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What is a personal guarantee?
A personal guarantee is a contract that the signer will be personally liable if another party does not pay.
What is an example of a personal guarantee?
An LLC owner asked her bank to loan $50,000 to her LLC. The bank agreed to loan the money to the LLC, but said the owner must sign a personal guarantee so if the LLC didn’t repay the loan, the LLC owner would be personally liable to repay the loan.
What is the risk of a business owner signing a personal guarantee?
Signing a personal guarantee is an easy way to secure a loan for your new business. Essentially, you are telling the bank, “if my business doesn’t pay, I will.” When you sign a personal guarantee for a business loan, you are bringing liability to all assets of your personal life. While every new business owner feels optimistic about the future of their business, signing a personal guarantee is dangerous because you risk losing assets (like your house) if your business runs into problems.
Is signing a personal guarantee the same as cosigning a loan?
A personal guarantee is very similar to cosigning a loan: not only will your business be responsible for the loan, but if the business encounters problems and cannot pay back the loan, you are personally liable, exposing your personal assets to risk. While there are some legal differences between a personal guarantee and cosigning a loan, the details are too technical and boring to cover here, and they wouldn’t be important in most circumstances.
What if the bank says I must sign a personal guarantee to get a business loan?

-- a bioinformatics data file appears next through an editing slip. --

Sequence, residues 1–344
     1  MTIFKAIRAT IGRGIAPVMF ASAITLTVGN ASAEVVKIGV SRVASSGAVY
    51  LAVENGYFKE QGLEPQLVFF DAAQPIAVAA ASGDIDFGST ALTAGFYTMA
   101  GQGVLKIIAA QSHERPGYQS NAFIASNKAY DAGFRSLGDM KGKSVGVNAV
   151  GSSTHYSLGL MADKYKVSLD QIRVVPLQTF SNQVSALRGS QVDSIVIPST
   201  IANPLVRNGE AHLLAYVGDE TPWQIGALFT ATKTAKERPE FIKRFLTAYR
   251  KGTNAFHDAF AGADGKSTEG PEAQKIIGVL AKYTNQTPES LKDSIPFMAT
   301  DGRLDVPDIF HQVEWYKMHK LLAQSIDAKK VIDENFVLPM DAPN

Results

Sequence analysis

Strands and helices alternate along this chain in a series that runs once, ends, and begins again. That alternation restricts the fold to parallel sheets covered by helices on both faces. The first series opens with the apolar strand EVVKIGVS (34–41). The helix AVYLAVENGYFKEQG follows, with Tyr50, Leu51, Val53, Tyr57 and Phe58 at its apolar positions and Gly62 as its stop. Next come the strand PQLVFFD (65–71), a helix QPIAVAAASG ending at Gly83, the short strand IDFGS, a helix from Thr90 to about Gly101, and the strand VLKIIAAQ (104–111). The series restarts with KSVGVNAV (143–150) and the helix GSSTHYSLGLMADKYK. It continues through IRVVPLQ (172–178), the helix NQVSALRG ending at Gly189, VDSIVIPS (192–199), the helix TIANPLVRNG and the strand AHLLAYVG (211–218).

A personal guarantee should be treated as a last resort for securing a loan. Of course, for most small businesses, the business owner has no other options. The business does not have sufficient credit and assets to borrow money itself, so the bank wants the owner on the hook.
Is it less risky for a business investor to sign a personal guarantee for the business?
No. If you sign a personal guarantee, that means they can sue you personally if the business fails or doesn’t pay its debts. That’s a big risk to you personally. In other words, you are not just putting at risk your investment—you are risking everything you own. Usually, investors don’t sign personal guarantees. By contrast, personal guarantees are often used for business owners who run/manage their own business (not “passive” investors).
Is an ‘unsecured’ personal guarantee less risky?
No. The fact that a guarantee is “unsecured” simply means you are not offering any security (e.g. home mortgage or lien) for the loan. A security interest gives a lender an additional legal right to take whatever property is offered as collateral (security) for the loan. Most personal guarantees are unsecured: a secured personal guarantee would involve a lien or security interest on your property.